“We’ve been very lucky in terms of finding good employees,” he says, noting another critical ingredient in the company’s growth. “They have good attitudes and bring good vibes to work. We also run a tight ship in terms of maintaining good lines of communication with clients. Right now we’re in a position where we have a good core we can build off of. The work definitely is out there right now — it’s just a question of having good competent employees, good equipment and getting the word out.

“I’m out there knocking on doors trying to keep work in front of us,” he concludes. “If I get one shot (at a client), it’s usually a done deal. The word gets out fast once they see what we bring to the table — things like quality work, great communication with clients, and good equipment and new technology that doesn’t break down all the time. That all opens up a lot of doors.”

Company focuses on treating workers right

Attracting workers in a tight labor market is difficult for contractors these days. And often enough, retaining them is just as difficult, as other companies try to poach good employees.

Atlantic Pipe Services does its level best to keep employees from heading for the proverbial greener grass by offering them good benefits, treating them like family, paying cash bonuses and promoting from within, says Allan Cagle, president of the company, based in Sanford, Florida.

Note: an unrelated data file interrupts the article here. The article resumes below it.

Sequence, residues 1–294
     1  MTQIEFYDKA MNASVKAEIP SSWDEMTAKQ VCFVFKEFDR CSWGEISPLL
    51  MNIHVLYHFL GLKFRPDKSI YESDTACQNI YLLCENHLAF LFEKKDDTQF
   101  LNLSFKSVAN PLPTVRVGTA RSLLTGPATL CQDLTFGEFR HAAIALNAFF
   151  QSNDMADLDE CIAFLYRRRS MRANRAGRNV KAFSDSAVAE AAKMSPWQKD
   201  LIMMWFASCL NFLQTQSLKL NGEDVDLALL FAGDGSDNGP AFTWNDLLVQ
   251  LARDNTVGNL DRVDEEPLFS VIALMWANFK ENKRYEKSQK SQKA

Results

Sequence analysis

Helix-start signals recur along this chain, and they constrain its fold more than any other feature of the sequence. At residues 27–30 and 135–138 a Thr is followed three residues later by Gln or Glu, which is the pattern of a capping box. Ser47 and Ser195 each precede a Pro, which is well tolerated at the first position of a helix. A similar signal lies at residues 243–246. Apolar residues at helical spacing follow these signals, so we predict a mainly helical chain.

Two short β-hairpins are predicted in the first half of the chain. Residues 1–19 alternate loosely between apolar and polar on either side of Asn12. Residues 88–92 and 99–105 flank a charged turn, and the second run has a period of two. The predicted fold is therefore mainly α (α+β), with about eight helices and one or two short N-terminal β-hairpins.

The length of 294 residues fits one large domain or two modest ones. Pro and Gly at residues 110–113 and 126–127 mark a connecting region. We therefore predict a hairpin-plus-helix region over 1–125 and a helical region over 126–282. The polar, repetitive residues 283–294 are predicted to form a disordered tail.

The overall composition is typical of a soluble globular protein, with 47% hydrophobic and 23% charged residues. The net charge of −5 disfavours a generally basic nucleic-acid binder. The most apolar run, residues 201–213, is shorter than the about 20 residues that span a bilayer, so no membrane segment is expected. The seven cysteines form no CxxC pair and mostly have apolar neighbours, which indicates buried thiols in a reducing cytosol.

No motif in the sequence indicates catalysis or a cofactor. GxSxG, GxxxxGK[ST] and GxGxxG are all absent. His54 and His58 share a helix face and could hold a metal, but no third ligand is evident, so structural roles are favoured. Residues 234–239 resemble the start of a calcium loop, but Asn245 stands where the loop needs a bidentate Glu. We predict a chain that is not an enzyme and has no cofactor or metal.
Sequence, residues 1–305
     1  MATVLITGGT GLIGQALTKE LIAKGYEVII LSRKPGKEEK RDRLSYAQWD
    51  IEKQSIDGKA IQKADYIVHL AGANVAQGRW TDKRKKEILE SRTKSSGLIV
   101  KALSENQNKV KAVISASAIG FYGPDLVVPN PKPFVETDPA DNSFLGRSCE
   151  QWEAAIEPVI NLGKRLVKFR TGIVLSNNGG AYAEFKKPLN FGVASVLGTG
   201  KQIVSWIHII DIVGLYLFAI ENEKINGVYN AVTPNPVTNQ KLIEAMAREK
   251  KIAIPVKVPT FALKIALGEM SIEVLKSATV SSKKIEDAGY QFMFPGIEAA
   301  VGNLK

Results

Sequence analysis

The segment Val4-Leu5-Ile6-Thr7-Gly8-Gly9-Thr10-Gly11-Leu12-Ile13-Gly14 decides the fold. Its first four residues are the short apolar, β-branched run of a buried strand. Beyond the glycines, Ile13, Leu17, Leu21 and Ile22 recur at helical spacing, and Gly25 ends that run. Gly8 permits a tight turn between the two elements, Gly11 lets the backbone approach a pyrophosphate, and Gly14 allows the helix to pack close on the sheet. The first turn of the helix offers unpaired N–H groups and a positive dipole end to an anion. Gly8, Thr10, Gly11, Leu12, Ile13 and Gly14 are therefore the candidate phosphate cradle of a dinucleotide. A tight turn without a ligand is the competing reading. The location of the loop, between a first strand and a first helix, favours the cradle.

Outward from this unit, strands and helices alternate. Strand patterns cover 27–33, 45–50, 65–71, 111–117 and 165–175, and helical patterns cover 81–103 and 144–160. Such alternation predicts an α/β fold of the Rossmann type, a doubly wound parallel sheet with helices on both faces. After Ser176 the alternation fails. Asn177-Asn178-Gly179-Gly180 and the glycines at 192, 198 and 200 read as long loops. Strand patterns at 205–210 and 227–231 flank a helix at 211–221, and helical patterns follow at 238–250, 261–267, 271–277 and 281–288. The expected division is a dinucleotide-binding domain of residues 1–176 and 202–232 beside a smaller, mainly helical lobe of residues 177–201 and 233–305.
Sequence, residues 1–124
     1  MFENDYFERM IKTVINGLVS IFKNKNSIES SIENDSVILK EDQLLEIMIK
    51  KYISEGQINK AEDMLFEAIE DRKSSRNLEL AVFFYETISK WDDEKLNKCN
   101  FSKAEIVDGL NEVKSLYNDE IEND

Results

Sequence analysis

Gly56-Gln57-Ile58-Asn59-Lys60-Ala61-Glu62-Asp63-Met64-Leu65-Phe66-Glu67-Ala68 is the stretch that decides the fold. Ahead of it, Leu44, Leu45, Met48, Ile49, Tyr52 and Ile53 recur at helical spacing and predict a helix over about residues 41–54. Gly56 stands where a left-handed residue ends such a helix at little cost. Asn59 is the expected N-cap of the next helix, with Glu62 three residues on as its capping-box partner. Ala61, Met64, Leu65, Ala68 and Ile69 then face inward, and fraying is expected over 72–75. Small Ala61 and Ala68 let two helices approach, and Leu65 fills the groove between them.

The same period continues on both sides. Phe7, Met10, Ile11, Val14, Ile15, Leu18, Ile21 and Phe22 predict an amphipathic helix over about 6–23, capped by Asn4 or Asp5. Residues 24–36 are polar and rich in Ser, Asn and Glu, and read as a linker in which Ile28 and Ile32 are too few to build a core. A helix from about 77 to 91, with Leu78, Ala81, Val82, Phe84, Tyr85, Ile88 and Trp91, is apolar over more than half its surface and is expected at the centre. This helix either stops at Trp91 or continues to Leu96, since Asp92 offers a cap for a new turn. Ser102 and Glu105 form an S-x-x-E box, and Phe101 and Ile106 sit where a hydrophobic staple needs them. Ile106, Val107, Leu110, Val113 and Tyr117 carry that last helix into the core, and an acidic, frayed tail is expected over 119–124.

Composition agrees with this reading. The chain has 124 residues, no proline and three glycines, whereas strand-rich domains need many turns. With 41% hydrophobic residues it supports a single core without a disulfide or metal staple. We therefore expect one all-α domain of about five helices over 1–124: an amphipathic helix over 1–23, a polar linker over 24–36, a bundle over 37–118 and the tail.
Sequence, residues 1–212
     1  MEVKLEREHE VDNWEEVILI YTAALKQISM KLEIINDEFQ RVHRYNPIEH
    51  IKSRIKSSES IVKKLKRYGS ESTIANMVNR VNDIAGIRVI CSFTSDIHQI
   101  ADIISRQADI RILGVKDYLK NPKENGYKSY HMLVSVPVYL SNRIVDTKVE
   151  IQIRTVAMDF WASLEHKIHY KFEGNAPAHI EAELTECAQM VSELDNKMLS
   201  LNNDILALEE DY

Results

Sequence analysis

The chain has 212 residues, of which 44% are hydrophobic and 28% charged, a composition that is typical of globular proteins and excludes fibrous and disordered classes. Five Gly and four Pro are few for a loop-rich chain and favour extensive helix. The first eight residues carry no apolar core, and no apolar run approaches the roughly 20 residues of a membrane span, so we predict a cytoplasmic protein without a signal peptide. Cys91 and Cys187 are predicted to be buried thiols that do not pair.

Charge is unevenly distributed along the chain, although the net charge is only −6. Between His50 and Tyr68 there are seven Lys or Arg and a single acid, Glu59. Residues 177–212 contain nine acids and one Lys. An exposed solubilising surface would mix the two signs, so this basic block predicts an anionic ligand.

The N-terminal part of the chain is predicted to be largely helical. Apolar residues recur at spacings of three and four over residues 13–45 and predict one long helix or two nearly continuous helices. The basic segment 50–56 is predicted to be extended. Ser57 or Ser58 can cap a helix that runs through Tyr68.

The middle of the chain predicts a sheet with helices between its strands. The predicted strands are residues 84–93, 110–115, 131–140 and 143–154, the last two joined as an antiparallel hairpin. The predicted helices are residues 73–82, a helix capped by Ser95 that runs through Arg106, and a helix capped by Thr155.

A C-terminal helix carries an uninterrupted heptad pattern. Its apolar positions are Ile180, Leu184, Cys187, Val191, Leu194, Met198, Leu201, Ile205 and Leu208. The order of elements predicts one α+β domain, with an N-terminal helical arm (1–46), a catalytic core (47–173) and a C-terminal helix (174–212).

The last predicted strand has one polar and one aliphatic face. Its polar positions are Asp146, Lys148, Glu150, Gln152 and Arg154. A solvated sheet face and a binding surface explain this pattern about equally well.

“I’ve been down this road myself where companies try to work someone into a supervisory position, but then decide they can’t afford to take a good worker off a TV or vac truck,” he explains. “Then they bring in someone from the outside to be a supervisor. Then morale gets shot because employees feel that all they hear are a lot of empty promises.

“I try my best to figure out ways to bring guys up,” he continues. “Not everyone has the capabilities to be a supervisor, but our goal is to try to promote from within.”

Cagle also believes that the company’s emphasis on investing in new and technologically advanced equipment also is a good selling point for attracting and retaining good employees. Working with older machines that regularly break down is a morale-killer. Moreover, Cagle thinks that employees are more apt to take better care of new equipment.

“We encourage our employees to treat equipment as if it’s their own,” he notes. “We emphasize that they have to take care of equipment because the equipment takes care of us.”

When APS completes a lucrative job, Cagle says the company pays bonuses “here and there.” They also periodically hold events such as Friday afternoon steak cookouts to show that the company appreciates the work they do.

“I’m a firm believer that employees are what make or break a company,” he says. “So I let them know as much as I can how much we appreciate what they do.”